This originally appeared on Jared Bernstein's blog
As the administration and members of Congress debate the path to fiscal sustainability, my colleagues and I at CBPP have consistently stressed the importance of a balanced plan that combines both spending cuts and revenue increases.
But mention "revenues" in this town and you trigger the attack of the NASTIE’s (Never-A-Stinkin'-Tax-Increase-Ever!).
Their typical argument is that any increase in tax rates will do irreparable harm to the economy by killing peoples’ incentives to work and invest.
It’s an old argument, prominent in the Reagan years, when the tradition of tax cuts leading not to unbridled growth but to large budget deficits got started. But it was most fully developed in the GW Bush years, when it led to tax cuts that helped to turn a budget surplus into the persistent deficits that dominate the fiscal scene today.
OK, so tax cuts don’t magically balance budgets. But do they boost growth and jobs?
Um…no. As my colleague Chad Stone shows here in comparing the 1990s (Clinton’s tax increase) and the 2000s (Bush’s cuts), the opposite is true.
I think those two decades make for an excellent natural experiment, but you may be thinking "Wait a minute, that’s just two time periods."
The scatterplot below plots the top marginal tax rates on the x-axis against real GDP growth on the y-axis. Only the nastiest of NASTIE’s could stare at that picture long enough to see anything non-random.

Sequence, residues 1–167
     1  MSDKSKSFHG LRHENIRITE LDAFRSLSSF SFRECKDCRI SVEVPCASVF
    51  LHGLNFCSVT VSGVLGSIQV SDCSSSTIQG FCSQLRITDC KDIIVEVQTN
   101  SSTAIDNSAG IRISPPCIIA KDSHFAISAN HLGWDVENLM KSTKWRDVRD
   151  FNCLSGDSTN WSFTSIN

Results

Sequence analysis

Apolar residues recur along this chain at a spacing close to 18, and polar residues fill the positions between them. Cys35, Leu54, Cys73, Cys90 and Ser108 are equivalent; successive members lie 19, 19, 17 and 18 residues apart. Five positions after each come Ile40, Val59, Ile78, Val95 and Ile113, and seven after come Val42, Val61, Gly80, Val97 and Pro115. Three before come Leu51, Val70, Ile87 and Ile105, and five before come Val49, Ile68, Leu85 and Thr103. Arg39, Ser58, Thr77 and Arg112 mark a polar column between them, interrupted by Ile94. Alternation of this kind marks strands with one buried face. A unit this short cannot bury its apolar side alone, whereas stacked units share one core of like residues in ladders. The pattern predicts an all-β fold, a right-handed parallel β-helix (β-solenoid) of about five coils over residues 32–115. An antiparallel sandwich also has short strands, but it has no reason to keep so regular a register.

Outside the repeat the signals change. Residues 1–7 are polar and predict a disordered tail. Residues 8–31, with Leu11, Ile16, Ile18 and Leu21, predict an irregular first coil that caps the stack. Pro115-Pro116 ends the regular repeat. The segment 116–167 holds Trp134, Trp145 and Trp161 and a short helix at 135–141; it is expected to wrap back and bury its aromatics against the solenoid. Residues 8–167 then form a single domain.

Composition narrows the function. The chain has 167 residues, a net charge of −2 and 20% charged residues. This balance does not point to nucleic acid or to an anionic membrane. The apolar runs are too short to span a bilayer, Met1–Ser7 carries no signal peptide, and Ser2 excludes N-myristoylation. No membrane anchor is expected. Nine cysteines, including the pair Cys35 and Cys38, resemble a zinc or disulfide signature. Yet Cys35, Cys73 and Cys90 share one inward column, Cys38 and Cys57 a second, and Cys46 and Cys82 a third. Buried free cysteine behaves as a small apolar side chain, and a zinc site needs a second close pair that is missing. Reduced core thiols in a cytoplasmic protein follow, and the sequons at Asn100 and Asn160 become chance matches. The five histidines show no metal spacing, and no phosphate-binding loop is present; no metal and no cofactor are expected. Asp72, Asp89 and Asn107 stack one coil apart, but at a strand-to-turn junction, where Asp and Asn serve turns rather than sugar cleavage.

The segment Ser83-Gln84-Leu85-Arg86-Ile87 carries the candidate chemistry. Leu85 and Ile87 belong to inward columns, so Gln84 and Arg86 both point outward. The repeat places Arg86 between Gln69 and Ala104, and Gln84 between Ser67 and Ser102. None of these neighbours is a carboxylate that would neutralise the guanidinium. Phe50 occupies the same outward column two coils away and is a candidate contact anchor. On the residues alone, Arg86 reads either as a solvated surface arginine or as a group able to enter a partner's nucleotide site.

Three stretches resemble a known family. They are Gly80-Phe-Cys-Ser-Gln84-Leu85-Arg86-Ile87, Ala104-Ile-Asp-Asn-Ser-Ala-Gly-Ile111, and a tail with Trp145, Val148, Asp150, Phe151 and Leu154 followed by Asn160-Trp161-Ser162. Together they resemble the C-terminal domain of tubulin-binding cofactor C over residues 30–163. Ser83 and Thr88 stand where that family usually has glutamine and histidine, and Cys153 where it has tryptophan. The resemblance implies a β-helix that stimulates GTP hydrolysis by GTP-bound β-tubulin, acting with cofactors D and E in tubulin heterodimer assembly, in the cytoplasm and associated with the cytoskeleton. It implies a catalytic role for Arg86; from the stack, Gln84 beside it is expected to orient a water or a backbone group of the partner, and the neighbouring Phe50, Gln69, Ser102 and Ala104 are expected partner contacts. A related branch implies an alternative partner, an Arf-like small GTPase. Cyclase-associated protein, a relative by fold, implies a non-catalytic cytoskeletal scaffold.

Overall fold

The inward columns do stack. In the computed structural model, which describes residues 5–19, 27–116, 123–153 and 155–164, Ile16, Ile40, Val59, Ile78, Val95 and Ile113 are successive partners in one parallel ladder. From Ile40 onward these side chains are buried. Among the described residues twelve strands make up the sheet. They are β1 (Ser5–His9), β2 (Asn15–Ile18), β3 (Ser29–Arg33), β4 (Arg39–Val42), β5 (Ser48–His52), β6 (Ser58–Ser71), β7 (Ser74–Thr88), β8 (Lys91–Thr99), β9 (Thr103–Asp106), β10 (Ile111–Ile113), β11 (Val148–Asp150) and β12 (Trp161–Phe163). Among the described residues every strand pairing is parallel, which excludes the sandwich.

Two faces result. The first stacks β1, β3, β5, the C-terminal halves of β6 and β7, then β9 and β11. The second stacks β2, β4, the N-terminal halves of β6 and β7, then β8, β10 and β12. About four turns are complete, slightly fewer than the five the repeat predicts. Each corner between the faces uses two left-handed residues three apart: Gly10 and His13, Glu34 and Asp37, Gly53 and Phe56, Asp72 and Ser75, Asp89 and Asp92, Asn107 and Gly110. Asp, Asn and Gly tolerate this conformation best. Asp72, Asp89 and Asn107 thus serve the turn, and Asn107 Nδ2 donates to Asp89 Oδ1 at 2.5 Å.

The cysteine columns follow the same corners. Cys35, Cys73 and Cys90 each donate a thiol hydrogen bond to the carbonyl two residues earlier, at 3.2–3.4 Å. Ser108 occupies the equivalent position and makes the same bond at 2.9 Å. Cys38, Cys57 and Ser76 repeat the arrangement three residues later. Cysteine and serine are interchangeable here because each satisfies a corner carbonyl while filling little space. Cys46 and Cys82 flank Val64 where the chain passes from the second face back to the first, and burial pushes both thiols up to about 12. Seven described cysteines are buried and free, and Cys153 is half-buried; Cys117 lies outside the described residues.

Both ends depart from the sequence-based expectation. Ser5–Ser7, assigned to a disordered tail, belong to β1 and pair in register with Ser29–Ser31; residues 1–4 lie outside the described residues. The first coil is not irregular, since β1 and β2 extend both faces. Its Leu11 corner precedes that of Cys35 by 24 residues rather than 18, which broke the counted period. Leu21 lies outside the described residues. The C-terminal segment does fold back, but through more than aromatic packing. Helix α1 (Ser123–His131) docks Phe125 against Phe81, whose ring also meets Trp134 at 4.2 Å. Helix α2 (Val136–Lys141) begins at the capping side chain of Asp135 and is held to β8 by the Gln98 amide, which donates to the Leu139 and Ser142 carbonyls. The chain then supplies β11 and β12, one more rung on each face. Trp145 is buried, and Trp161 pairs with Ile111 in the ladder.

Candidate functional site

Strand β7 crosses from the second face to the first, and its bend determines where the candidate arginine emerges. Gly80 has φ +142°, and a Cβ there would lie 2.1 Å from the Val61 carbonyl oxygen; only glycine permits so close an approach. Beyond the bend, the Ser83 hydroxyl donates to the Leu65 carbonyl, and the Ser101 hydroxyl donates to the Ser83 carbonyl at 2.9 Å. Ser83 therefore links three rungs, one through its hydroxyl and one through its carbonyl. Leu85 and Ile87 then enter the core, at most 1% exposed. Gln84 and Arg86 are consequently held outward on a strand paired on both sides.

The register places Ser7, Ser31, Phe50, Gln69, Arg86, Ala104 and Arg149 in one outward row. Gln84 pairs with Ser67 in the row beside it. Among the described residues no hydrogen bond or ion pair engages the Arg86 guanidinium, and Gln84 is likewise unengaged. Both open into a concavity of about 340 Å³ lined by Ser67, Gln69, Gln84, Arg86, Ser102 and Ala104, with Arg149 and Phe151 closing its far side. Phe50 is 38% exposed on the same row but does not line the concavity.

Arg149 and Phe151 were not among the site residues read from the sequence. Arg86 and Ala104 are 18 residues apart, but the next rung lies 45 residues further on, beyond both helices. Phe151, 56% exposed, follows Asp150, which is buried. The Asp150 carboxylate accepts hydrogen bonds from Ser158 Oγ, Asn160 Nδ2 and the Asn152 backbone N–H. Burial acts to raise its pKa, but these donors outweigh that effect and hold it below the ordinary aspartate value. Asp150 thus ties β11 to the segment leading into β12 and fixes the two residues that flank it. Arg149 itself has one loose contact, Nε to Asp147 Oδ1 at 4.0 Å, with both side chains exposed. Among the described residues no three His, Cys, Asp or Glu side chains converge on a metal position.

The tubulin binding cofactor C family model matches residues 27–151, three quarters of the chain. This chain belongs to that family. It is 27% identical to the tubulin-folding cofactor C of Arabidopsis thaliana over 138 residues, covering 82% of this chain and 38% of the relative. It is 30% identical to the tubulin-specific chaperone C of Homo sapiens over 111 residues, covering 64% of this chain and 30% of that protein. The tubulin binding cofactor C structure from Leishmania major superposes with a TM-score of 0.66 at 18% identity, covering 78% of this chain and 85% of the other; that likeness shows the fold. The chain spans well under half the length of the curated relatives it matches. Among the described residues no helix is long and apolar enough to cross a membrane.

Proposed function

[In fact, if you run a regression you actually get a significant and positive coefficient, suggesting higher marginal rates are correlated with higher growth rates. But don’t get excited. That result is driven largely by the three dots in the upper right hand quadrant when, during the war effort, government goosed the economy and high rates helped pay the freight (see table). (Imagine that—asking high-income households to pay more for the war, as opposed to asking them to pay a lot less. What were they thinking back then?)
|Highest Tax Rate||Real GDP Growth|
|Sources: Tax Policy Center, BEA]|
What’s that? You want more. How about the same graph re unemployment? Again, if anything, there’s a drift to the lower right of the chart, suggesting higher rates correlate with lower unemployment.
To be clear, this is “blogometrics” not econometrics, i.e., the economy over these many years has vastly different moving parts, there are timing lags, causation issues (recall war point above; also if policy makers lower taxes when growth is weak, as in the Recovery Act, you’ll get patterns like the above), Federal Reserve policies that can amplify or counteract tax effects, the tax system is way more complex than can be captured with just the top rate.
And no question, it is of course the case that big tax increases could derail growth, though that’s not what anybody’s talking about (President Obama’s proposal to allow the highend Bush cuts to sunset would still leave taxes lower than in Clinton years). In fact, the economic impact of tax changes is an important area of inquiry and the simple evidence I’ve presented here is not at all intended to be the last word.
But that said, the point is this: the historical record is extremely hostile to the NASTIE’s. Based on that record, if they continue to insist that revenues must stay off the table in the budget negotiations, they need to find another reasons than growth or jobs.